GL:  Have you ever watched The Amazing Race?  I don't know if it is a big deal over there.  Anyway, these people all get together and go on this crazy race all around the world--having to complete various tasks and solve riddles along the way.  It seems like people have the worst time in China.  I always thought they were being dramatic.  Maybe not...

GL:  Is there anywhere you would like to visit that you have not thus far?

Phil:  Everywhere I haven't been yet, and quite a few that I have.

GL:  I'm sure Huntsville, Alabama is at the top of that list!!  Haha...  Hey, we do have Space Camp :-D!

GL:  Do you prefer being in the sky or under the water…or do you love them both about the same?

Phil:  They're impossible to compare. I love the freedom of soaring for hundreds of miles with only the sun for an engine, but I love the unreal beauty of the undersea world, too.

GL:  What was your favorite book as a child?

Phil:  Different ages, different books. As a very youngster I liked Charles Kingsley's “The Heroes” (probably out of print now, but it had tales of the ancient Greek heroes adapted to make them suitable for children). It's from him I learned to like tales of Greece. At an older age I enjoyed Rudyard Kipling's Jungle Books (not the bastardized Disney version), then in very early teens I became enraptured by the Biggles series of Capt. W. E. Johns. I think he led me to want to learn to fly.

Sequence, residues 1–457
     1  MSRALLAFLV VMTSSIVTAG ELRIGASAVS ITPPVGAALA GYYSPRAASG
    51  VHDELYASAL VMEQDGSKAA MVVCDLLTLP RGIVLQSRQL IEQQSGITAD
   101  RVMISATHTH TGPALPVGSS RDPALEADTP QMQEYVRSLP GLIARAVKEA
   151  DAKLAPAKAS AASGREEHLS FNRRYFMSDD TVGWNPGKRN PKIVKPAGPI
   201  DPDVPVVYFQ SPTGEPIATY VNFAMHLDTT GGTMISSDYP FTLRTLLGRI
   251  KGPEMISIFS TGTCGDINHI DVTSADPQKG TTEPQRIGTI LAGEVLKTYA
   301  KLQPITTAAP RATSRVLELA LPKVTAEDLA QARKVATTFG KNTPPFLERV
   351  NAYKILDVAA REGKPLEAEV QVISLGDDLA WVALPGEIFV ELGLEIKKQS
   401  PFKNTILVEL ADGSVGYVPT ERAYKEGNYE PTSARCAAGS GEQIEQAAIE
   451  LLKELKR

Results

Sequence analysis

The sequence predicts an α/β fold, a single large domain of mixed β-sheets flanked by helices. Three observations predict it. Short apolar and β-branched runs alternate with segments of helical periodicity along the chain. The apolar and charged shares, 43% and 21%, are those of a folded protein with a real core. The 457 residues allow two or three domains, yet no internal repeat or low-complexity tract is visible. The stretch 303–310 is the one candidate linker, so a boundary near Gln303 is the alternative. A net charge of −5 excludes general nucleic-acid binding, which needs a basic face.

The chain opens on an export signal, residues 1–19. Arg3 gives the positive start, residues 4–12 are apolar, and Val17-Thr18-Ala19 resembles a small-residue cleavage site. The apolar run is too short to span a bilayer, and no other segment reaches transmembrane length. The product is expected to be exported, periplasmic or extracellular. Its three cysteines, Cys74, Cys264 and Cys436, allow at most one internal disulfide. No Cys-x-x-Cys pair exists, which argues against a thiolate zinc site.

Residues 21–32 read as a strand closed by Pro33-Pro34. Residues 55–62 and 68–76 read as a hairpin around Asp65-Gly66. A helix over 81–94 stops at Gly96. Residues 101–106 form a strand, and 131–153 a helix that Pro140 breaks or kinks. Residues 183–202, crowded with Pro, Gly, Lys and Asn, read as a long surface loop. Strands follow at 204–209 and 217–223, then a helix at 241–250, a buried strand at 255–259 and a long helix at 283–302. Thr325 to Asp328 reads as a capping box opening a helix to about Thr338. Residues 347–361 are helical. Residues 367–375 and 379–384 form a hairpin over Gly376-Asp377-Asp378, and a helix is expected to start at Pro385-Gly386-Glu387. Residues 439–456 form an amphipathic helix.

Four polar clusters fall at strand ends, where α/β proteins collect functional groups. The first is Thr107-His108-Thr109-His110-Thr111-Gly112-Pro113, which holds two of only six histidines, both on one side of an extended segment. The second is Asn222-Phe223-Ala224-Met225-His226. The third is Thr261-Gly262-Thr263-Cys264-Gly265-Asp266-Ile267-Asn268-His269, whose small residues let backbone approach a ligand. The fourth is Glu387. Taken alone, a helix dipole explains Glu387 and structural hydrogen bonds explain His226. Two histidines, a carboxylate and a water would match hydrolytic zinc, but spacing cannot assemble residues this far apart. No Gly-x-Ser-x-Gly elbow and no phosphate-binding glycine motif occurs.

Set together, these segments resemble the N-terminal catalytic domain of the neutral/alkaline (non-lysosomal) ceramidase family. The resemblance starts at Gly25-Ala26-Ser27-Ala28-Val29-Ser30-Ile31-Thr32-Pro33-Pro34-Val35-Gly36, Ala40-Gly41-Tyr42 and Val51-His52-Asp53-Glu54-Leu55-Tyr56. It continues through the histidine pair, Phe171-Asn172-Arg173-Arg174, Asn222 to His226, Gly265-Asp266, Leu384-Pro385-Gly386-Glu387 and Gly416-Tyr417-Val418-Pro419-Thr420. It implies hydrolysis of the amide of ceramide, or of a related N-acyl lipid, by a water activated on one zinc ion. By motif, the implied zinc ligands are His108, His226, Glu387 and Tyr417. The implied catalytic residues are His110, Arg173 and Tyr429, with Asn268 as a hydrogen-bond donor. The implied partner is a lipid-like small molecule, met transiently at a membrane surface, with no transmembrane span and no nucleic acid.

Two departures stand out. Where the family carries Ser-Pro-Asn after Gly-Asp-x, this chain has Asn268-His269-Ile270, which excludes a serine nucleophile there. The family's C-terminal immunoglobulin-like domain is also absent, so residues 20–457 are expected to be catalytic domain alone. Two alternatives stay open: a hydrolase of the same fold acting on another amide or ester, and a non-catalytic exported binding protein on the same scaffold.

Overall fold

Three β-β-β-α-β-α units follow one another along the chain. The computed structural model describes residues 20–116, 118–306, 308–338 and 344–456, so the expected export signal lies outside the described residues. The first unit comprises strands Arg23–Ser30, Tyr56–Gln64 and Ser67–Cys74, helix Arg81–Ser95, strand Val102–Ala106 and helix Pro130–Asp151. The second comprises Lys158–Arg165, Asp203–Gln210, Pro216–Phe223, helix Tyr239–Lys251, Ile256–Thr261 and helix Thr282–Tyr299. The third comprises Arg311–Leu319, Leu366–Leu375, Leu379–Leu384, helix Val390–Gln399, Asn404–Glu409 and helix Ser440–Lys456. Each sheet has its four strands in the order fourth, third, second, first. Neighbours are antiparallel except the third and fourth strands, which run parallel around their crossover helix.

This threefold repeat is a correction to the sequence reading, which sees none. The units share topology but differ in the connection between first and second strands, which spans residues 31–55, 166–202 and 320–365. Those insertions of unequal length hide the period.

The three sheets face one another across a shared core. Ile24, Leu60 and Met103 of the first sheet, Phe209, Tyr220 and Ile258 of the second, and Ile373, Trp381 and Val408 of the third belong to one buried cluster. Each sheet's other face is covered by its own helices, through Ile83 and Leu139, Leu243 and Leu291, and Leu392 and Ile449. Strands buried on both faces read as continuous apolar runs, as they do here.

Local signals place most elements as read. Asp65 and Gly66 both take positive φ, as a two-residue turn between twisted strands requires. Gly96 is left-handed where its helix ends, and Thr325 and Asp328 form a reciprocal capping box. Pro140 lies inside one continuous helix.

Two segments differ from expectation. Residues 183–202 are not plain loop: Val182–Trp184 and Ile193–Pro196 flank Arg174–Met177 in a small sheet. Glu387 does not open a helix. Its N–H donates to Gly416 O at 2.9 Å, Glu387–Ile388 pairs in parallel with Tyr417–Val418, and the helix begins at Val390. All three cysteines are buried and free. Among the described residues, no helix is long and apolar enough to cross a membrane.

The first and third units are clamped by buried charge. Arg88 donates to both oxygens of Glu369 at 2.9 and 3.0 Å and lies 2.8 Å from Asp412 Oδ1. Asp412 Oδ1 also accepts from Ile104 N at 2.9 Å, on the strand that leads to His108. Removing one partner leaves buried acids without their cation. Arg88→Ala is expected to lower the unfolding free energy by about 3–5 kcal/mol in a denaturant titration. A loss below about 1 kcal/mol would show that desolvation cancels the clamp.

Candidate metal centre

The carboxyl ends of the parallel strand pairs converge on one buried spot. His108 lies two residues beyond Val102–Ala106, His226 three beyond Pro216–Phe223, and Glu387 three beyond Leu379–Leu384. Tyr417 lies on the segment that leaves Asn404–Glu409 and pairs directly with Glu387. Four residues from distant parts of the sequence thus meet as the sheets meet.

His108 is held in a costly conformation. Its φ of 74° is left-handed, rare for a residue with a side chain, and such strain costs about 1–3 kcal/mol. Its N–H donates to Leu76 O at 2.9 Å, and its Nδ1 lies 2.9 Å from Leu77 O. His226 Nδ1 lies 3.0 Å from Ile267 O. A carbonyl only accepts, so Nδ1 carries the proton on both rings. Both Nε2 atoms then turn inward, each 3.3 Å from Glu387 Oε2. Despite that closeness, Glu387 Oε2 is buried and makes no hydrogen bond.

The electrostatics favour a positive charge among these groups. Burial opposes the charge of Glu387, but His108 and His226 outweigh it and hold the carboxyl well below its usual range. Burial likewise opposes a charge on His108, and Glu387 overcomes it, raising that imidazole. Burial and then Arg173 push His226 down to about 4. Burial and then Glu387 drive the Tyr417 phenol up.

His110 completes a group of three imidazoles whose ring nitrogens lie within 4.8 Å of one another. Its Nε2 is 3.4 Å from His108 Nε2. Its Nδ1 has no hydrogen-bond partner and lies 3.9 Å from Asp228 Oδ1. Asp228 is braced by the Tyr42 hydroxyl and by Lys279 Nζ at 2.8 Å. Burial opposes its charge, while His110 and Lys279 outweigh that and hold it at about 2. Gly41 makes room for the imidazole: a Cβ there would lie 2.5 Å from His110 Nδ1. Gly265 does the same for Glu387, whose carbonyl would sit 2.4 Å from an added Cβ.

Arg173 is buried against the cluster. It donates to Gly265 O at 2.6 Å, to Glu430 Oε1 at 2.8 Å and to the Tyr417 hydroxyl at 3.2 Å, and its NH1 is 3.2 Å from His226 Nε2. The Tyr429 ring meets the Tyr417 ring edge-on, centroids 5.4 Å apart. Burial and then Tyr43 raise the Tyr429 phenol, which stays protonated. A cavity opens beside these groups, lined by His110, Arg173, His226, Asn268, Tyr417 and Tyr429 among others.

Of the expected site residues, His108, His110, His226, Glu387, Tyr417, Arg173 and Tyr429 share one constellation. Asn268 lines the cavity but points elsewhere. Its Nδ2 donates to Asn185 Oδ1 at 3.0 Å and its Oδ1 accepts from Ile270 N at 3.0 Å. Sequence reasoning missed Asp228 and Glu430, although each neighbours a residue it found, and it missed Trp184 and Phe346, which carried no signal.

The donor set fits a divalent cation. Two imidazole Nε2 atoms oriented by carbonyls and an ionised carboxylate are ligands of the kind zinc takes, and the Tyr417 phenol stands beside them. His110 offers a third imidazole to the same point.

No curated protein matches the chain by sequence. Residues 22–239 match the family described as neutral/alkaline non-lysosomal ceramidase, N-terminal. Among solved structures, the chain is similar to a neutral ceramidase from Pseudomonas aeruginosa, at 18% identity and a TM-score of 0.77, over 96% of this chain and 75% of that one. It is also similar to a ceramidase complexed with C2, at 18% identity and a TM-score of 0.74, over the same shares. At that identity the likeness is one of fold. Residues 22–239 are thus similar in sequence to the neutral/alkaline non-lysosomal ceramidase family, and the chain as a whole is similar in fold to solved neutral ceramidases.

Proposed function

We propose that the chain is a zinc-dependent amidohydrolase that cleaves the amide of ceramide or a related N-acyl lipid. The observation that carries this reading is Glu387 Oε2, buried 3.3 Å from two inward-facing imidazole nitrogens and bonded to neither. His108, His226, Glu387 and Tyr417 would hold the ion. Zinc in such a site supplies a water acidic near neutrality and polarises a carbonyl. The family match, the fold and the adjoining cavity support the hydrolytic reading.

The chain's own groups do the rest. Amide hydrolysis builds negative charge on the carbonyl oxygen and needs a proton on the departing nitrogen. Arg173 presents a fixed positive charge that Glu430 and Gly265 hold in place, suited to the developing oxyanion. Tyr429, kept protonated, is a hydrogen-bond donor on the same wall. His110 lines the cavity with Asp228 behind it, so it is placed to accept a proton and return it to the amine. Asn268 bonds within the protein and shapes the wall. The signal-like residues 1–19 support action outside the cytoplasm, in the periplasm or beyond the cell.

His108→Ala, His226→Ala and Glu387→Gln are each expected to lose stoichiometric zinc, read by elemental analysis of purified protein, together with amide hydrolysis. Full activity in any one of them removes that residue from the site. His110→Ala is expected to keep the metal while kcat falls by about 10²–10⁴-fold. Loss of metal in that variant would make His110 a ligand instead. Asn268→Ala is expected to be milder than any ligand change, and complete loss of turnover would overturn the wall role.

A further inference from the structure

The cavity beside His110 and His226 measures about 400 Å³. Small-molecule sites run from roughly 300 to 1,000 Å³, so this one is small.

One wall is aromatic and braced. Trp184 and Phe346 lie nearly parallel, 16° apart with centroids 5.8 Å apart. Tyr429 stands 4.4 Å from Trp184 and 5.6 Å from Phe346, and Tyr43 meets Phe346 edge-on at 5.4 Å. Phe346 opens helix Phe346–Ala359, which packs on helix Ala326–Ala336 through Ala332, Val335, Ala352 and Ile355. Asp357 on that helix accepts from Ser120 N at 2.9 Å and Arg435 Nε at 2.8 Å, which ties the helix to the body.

GL:  You can find Charles Kingsley's The Heroes free on GoogleBooks.  That looks like something I would really enjoy with my kids!  The Jungle Books are available at little to no cost on Amazon and GoogleBooks.  The Biggles books seem to be harder to come by, but you can learn more about them HERE.

GL:  Who are some of your favorite authors of all time?

Phil:  Wow, you know how to ask difficult questions. I'd put Isaac Asimov close to the top, but others like Douglas Adams, Terry Pratchett, Ray Bradbury, Brian Herbert, David Gemmell or Terry Brooks would be right up there, too. So would Raymond Feist. Just to show I'm not one-eyed, I like Robin Hobbs and Janny Wurts. I haven't found Jodi Picoult's or Barbara Kingsolver's stories to my taste.